Major global economic events and implications

US economic data painted a mixed picture – not one supporting an imminent Fed rate hike. Labour market indicators remain very strong, with the rate of job openings, hirings and people quitting for new jobs all at high levels, and jobless claims remain ultra-low, but a slump in the non-manufacturing conditions ISM index on top of the fall in the manufacturing conditions ISM adds to worries that growth may have slowed. The Fed's Beige Book did nothing to clear the picture, talking of modest growth (with a slight downgrade in conditions across states), a tight labour market, but little sign of inflation. While the slump in the ISM indexes could just be noise, the mixed readings on the US economy and continuing low inflation indicate that the Fed would be wise to hold off on raising rates in September. The market's probability of a September rate hike is 30% and that for December is 60%. Our base case remains for a December hike, but this “will they or won't they” soap opera looks like dragging on for a while yet.

Eurozone retail sales rose more than expected in July and are up 2.9% year on year, but German industrial production and factory orders were weaker than expected.

Japanese data continued the more positive tone of the previous week, with an upwards revision to June quarter GDP growth, stronger than expected wages growth, a rise in Japan’s leading index, a rise in overall economic sentiment and Tokyo’s office vacancy rate falling to just 3.9%.

Chinese data for August showed a welcome improvement, with exports and imports suggesting stronger global demand and stronger domestic demand respectively and a small rise in the Caixin services sector conditions PMI adding to confidence that Chinese growth has stabilised. What's more, producer price deflation continued to fade in August, which is invariably a pointer to stronger Chinese nominal growth. Meanwhile, China's State Council (or cabinet) indicated it would step up fiscal stimulus and investment in weak areas of the economy, adding to confidence that Chinese growth is not about to fall out of bed any time soon.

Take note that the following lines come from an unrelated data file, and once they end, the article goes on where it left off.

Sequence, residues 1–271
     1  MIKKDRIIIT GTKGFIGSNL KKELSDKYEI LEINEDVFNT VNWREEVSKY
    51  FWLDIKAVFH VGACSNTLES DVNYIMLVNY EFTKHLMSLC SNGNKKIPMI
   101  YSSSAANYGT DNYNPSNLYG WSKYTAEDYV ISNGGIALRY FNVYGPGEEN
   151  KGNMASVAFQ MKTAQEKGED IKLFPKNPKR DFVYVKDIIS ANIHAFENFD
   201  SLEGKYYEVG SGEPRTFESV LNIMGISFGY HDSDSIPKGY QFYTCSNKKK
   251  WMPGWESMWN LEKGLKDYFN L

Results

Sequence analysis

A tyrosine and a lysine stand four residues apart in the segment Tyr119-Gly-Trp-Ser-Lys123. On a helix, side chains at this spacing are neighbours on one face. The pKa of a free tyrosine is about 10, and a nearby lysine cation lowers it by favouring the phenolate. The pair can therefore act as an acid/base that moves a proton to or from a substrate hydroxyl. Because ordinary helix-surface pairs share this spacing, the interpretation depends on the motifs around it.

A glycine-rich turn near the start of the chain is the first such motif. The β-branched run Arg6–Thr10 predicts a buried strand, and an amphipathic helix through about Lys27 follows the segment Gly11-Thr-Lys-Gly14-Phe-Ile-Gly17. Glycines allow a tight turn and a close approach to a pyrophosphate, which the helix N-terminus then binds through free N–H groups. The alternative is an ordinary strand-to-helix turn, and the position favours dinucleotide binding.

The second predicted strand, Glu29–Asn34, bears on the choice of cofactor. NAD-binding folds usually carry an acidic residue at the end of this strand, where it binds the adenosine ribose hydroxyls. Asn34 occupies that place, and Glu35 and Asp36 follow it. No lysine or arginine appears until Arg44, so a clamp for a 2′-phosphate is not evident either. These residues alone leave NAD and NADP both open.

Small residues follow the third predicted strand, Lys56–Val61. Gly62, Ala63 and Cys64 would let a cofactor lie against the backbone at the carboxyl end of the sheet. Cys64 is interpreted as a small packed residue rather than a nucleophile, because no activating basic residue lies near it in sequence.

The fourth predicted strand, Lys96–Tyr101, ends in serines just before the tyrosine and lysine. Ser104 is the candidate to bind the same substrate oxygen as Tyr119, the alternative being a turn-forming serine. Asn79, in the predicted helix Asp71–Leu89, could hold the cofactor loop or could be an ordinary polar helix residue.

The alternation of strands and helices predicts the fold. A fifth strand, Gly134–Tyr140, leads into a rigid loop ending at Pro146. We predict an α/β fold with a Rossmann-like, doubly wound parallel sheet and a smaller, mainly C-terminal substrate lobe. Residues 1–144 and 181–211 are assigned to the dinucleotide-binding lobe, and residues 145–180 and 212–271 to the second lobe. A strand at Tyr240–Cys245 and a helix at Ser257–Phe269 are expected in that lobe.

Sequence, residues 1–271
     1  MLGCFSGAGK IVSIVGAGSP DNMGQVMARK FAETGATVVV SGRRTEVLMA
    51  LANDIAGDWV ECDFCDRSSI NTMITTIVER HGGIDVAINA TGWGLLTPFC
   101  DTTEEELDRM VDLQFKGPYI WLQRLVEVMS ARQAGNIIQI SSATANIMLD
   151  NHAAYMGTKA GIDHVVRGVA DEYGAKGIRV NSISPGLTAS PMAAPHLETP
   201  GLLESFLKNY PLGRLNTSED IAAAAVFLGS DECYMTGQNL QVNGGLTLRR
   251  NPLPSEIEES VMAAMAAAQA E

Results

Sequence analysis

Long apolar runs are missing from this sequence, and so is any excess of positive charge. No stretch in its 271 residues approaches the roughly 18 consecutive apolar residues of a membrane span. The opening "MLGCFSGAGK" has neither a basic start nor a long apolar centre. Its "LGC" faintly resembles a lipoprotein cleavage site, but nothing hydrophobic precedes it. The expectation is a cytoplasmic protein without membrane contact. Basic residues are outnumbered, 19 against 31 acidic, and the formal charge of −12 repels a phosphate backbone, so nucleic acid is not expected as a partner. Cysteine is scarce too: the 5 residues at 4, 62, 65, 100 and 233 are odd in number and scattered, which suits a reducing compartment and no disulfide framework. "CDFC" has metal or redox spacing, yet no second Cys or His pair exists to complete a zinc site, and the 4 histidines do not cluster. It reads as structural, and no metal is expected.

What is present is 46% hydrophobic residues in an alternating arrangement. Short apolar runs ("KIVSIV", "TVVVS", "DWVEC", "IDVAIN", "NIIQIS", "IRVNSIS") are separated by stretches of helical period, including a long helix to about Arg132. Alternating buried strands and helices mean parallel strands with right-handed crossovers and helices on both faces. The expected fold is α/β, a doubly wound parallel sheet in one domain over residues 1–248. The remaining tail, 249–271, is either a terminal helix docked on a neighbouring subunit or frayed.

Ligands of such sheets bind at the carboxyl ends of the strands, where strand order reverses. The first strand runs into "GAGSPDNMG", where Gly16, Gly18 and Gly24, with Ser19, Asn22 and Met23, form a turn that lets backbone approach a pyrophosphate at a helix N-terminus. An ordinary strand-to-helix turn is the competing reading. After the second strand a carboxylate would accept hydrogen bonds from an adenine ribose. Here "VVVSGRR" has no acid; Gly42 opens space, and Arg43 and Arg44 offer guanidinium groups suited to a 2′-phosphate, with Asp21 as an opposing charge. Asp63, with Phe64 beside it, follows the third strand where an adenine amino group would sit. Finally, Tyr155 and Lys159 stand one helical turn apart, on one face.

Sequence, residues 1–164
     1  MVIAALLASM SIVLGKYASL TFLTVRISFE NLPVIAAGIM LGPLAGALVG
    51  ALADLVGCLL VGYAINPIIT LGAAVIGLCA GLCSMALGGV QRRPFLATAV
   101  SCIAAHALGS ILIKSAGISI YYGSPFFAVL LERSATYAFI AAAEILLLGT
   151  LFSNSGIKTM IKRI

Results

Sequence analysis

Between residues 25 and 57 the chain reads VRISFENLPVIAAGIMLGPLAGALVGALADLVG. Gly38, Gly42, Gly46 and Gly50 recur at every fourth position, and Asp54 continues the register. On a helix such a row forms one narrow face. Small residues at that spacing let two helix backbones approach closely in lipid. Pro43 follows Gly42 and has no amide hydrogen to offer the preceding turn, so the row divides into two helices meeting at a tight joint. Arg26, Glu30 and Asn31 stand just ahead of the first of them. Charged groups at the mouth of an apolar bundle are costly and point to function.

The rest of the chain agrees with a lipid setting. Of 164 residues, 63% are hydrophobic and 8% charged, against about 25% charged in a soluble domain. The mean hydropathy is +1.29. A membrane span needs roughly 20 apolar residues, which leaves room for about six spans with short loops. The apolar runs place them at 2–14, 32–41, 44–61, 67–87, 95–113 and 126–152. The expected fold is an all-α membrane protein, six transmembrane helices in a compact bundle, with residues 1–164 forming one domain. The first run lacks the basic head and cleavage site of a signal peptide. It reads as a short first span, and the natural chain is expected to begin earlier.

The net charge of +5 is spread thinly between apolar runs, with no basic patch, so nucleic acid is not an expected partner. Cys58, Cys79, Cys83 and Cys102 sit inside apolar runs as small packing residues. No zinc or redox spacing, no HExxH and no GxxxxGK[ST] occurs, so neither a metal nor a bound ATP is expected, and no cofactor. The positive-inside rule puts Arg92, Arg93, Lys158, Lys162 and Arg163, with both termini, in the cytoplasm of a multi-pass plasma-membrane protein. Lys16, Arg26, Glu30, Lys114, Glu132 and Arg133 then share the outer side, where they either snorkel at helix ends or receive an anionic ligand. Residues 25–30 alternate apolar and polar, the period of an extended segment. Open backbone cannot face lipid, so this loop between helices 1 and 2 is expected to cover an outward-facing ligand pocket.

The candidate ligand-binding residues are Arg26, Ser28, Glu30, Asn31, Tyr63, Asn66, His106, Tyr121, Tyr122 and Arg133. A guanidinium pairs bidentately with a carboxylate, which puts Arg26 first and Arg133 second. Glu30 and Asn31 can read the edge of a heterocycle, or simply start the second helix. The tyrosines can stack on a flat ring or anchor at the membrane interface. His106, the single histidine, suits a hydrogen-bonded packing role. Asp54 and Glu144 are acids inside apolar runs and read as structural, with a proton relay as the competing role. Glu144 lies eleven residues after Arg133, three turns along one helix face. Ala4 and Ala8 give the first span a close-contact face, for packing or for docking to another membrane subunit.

Australian economic events and implications

A good week for the optimists on Australia. June quarter GDP data showed solid growth of 0.5% quarter on quarter or 3.3% year on year. To be sure, the quarterly pace of 0.5% was down on 1% in the March quarter and were it not for a surge in lumpy public spending (notably in defence) growth would have been negative as the slump in mining investment continues to detract from growth. However, some slowing in the quarterly growth rate of 1% quarter on quarter seen in the March quarter was inevitable. Going forward, net exports are likely to remain solid, as new resource projects come on stream, underlying public investment is on the rise thanks to infrastructure projects in NSW and Victoria, mining investment is getting close to more normal levels so the huge growth detraction from its unwind over the last few years will start to abate next year, reasonable growth in consumer spending is likely to be underpinned by a still high household savings rate and the completion of new homes, a stabilisation in commodity prices and our terms of trade suggests that the big hit to national income is over and productivity growth is very strong at 2.9% year on year. What's more, 3.3% growth for the year to the June quarter is way above the US at 1.2%, the Eurozone at 1.6% and Japan at just 0.6% and the diversity of growth drivers of the Australian economy (from mining to housing to public capex, etc) in part highlights why the economy has now gone 25 consecutive years without a recession.

In other data, housing finance fell in July and AIG services and construction conditions PMIs followed the manufacturing PMI lower in August, but these series can be quite volatile. Meanwhile, ANZ job ads were strong in August (pointing to continued solid jobs growth) and the trade deficit improved sharply in July (although this was driven by volatile gold exports so is not quite as good as it looks), but the Melbourne Institute's Inflation Gauge showed that inflation remained weak in August.